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NO one wants to talk about child abuse. I know I didn’t.

As a child, I was sexually abused by my stepfather. I lived with the fear and degradation for years. And for years, I stayed silent. Today I am a proud and public survivor. I’m thankful for the people who cared about me and helped me heal.

Even when a highly publicized death of a child occurs — like the tragedy of NFL running back Adrian Peterson’s two-year-old son — we certainly sympathize, but we are not comfortable talking about the cause and prevention of abuse.

Peterson’s son died from injuries after an alleged assault by the boyfriend of the child’s mother, according to police. It is a sad fact that his death is not a rare occurrence. According to a report by the U.S. Department of Health and Human Services, an estimated 1,570 U.S. children died from abuse and neglect in 2011; 20 of those children lived in Washington state. Approximately 80 percent of children who die from abuse are under the age of 4.

Hopefully, the Peterson story will serve to point out the role we all have in recognizing and reporting suspected abuse and neglect. But the role we all have in preventing it is just as important.

The relatively modest investment we make now in prevention will not only save lives and generations, but billions of dollars in social, welfare and criminal-justice costs. Prevent Child Abuse America, a national advocacy organization, estimates the direct and indirect costs of child abuse and neglect are well over $100 billion annually.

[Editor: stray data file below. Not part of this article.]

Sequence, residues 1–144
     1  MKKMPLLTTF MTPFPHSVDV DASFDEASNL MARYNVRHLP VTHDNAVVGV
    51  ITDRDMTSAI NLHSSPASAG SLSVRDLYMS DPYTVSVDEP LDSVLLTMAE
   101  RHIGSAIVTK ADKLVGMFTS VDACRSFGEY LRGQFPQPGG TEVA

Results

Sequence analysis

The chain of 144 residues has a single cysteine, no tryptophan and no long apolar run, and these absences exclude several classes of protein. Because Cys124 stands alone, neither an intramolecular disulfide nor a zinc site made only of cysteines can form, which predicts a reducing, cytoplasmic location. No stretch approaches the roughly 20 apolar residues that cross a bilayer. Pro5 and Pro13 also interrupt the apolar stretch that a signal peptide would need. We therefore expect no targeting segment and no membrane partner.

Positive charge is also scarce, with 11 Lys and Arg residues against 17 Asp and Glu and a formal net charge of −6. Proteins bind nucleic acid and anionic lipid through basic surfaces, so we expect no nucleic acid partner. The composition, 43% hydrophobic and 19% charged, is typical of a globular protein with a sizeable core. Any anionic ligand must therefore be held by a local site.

That’s because children who have been abused or neglected are more likely to have a host of problems later in life, including poor physical, emotional and mental health, difficulties in adult relationships, substance abuse, violence and aggression.

Yet with early treatment, young abuse victims can and do make remarkable strides. When treatment and education also embrace parents and guardians, the results are that much more dramatic. Research done locally by Childhaven studied children during their therapy and 12 years later as teenagers, and compared results to abuse victims who did not receive therapy. The research showed that the Childhaven children were six times less likely to have committed a violent juvenile crime, were better adjusted in school and less disruptive in classrooms, and two-and-a-half times less likely to abuse drugs.

As members of the great human village, we have an obligation to help not just children, but their struggling parents and guardians as well. We can reach out to that mom, dad or grandparent who’s overwhelmed. We can get involved in our schools and in community organizations. We can support programs that help at-risk children and their families.

The vast majority of the parents we see here at Childhaven love their children and want to be good parents, they just don’t know how; they never learned from their own mothers and fathers. Some were physically abused and neglected themselves. Some have experienced domestic violence, homelessness, and drug and alcohol addictions.

No one should ever, under any circumstances, hurt or neglect a child. But every parent, no matter his or her background or experience, knows how difficult parenting can be and how easy it is to reach the end of your rope and find yourself dangling.

We do not know the circumstances or details about what led to the death of Peterson’s son, or what could have been done to avoid this heartbreak. What I do know is a young child’s life has been cut needlessly short and thousands of other children are living in fear of what the day will bring. That’s why we need safety nets and spotters. It’s why we need everyone to care and do something about abuse and neglect — before one more tragedy occurs. It’s up to all of us.

Maria Chavez Wilcox is president of Childhaven, a 104-year-old Seattle nonprofit that provides therapeutic child care, treatment and parenting programs.